Local authorities have the funding to ensure they can meet their statutory duty to provide sufficient children’s centres.

Closure of the Seven Stars public house in Sedgley

The Petition of residents of the Dudley North constituency,

Declares that the Petitioners are opposed to the proposal to close the Seven Stars public house on Gospel End Road in Sedgley and are opposed to the retail development plans for the site.

The Petitioners therefore request that the House of Commons urges the Government to encourage Marston's PLC to reconsider the closure of the Seven Stars public house, Gospel End Road, Sedgley.

And the Petitioners remain, etc.—[Presented by Ian Austin, Official Report, 4 March 2015; Vol. 593, c. 1046.]

[P001446]

Observations from the Secretary of State for Communities and Local Government:

The Secretary of State for Communities and Local Government is aware of the concerns some people have about losing their community pubs, and the Government have made clear their commitment to protecting those pubs that most benefit the community.

Through the Community Right to Bid the Government have given people the power to list local buildings as Assets of Community Value. So far this has included over 600 pubs. In addition, the Government have recently introduced new legislation which means that, from 6th April 2015, the listing of a pub as an Asset of Community Value will trigger the disapplication of the permitted development rights that allow the change of use or demolition of a pub without the need for planning permission.

This will mean that, where a pub is listed as an Asset of Community Value, planning permission will be required for its change of use or demolition. This will enable the local planning authority to determine the application in accordance with its local plan, any neighbourhood plan, and national policy, and provide an opportunity for local people to comment on any proposals.

Impact of new housing in Longridge, Clitheroe and Whalley

The Petition of the residents of Longridge, Whittingham and the Ribble Valley Parliamentary Constituency,

Declares that the small rural towns and villages like Longridge, Clitheroe and Whalley up and down the country are under siege from housing developers seeking to build excessive numbers of homes to encourage people to migrate from industrial towns and cities to rural communities.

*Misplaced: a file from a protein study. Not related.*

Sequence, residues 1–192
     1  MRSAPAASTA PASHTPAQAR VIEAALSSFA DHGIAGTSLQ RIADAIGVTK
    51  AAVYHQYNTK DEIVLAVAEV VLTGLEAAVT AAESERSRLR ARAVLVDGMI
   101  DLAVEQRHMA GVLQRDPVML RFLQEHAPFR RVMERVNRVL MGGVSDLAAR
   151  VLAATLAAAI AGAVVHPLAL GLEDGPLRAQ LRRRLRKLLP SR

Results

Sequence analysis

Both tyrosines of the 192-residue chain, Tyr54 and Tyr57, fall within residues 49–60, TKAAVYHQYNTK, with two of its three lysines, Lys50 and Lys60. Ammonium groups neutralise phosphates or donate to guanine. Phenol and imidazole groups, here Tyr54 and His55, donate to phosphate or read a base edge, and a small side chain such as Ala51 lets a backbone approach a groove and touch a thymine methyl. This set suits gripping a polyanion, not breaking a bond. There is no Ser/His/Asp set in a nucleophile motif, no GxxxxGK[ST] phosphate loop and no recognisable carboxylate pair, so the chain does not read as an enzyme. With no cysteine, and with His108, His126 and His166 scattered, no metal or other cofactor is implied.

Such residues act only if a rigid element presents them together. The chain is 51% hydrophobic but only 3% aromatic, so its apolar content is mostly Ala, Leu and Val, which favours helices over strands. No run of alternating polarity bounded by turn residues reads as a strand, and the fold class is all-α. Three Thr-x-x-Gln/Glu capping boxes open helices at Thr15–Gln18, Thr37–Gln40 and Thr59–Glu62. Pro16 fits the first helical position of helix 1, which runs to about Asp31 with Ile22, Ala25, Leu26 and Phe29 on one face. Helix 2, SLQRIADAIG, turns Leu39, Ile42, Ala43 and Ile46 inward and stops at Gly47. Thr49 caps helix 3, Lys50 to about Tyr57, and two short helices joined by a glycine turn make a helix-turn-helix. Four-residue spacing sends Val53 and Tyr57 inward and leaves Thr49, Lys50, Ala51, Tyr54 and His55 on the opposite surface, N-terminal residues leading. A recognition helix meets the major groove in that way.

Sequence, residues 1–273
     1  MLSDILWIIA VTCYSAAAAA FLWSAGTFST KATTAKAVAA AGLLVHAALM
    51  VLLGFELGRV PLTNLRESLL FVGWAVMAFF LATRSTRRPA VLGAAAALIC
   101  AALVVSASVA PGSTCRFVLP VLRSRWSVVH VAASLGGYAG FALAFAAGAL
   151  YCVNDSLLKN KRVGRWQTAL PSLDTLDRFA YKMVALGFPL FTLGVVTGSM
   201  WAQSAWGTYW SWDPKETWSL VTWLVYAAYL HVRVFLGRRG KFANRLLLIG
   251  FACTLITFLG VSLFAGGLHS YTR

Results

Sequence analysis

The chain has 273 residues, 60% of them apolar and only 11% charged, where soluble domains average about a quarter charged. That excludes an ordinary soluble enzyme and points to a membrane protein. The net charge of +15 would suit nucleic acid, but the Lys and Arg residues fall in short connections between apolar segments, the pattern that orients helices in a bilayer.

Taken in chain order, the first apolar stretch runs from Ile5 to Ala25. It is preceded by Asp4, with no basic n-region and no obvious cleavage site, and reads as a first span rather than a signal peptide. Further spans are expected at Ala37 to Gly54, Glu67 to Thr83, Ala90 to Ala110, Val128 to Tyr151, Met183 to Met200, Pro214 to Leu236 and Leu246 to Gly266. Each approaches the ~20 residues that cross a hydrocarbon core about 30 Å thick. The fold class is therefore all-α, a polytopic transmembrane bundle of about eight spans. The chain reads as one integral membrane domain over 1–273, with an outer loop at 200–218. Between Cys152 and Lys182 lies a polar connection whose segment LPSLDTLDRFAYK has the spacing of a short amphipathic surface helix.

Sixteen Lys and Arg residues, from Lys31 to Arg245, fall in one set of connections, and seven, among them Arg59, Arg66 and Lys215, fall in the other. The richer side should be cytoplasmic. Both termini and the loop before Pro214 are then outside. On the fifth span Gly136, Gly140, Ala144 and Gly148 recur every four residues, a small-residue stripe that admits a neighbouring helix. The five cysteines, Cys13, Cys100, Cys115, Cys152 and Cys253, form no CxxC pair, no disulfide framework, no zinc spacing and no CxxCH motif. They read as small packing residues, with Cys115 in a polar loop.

The Petitioners therefore request that the House of Commons recognises the problems of these communities like Longridge where developers are seeking to build 2,300 houses and amend the National Planning Policy Framework to:

(a) Suspend the operation of clauses 14 and 49 of the National Planning Policy Forum until 90% of local authorities have an approved local development plan so there is no presumption in favour of planning consent where a local authority does not have an approved Local Development Plan or 5 years of development land and

(b) Allow local communities divided by a local government boundary to be treated as one entity for planning purposes.

And the Petitioners remain, etc.—[Presented by Mr Nigel Evans,

Official Report, 4 November 2014; Vol. 587, c. 796.] [P001395]

Observations from the Secretary of State for Communities and Local Government:

Through our reforms in the Localism Act and National Planning Policy Framework the Government have put local plans at the heart of the planning system. We have encouraged and supported all local authorities to get up-to-date plans in place as soon as possible as this is the most effective way of managing development within a local area. Local plans help guard against ‘speculative’ or unwanted development by setting the framework in which decisions on particular proposals are taken (whether that decision is taken locally or by the Planning Inspectorate at appeal).